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Terri Mauro

Parent Draws Attention to Patent War Over Communication App

By April 6, 2012

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iPadSite of the Day: I've been following with interest the way a blog post on Uncommon Sense, one of this year's Readers' Choice Award finalists for Favorite Special-Needs Parenting Blog, has mushroomed into a major story and brought attention to parents' struggles to find communication aids that work for kids with special needs. Dana Nieder blogged about a lawsuit that threatens to take away the AAC app that's worked for her three-year-old daughter, Speak for Yourself, which Prentke Romich and Semantic Compaction Systems claim infringes on their patent (a patent they're currently using in communication devices that cost thousands of dollars instead apps that cost hundreds).

A story that puts a human face -- and a very cute human face, that of Dana's daughter Maya -- on the topic of patent law has proven irresistible to tech bloggers, and the story has shown up on PCWorld, Slashdot, and most recently the Techland section of Time.com. You can bookmark Dana's link round-up page to keep track of where the story grows from here. Whatever the merits of this particular lawsuit, I think it's clear that the genie is kind of out of the bottle on these services and devices that used to be provided in a very exclusive and expensive way. Companies that drag their feet on app development are going to find themselves worked around.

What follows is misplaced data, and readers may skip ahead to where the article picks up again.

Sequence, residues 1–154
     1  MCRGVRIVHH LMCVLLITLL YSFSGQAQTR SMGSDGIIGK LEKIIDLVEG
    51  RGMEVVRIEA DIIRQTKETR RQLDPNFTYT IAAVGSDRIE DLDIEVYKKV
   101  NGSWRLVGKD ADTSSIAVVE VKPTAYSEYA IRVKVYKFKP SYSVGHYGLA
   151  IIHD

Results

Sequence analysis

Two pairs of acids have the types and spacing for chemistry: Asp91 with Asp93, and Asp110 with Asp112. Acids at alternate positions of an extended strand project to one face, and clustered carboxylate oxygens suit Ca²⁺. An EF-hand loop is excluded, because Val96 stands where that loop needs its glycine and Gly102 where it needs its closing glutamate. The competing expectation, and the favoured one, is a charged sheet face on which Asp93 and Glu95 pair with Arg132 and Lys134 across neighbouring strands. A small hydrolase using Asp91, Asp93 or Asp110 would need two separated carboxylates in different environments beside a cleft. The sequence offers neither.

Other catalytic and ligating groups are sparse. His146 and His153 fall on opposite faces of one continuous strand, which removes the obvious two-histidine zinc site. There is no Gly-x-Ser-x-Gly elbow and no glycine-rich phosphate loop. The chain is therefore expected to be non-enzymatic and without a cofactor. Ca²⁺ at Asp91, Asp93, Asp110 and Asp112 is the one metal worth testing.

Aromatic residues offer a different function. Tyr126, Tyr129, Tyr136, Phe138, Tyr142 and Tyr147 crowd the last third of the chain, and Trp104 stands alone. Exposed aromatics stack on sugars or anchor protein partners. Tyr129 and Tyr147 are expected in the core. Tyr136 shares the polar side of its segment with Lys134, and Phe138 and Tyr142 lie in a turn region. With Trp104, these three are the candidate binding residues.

Photo by Justin Sullivan/Getty Images

June 13, 2012 at 3:26 am
(1) Mike says:

“We have no plans to develop or release an app version of our software.”

June 28, 2012 at 5:07 pm
(2) specialchildren says:

For an update on this story, see my blog post at http://specialchildren.about.com/b/2012/06/13/parents-storming-the-gates.htm.

September 7, 2012 at 9:45 am
(3) specialchildren says:

And yet, it seems clear that they did have plans, and were in fact developing an app version, because it’s out now: http://niederfamily.blogspot.com/2012/08/one-small-upload-to-itunes-store-one.html .

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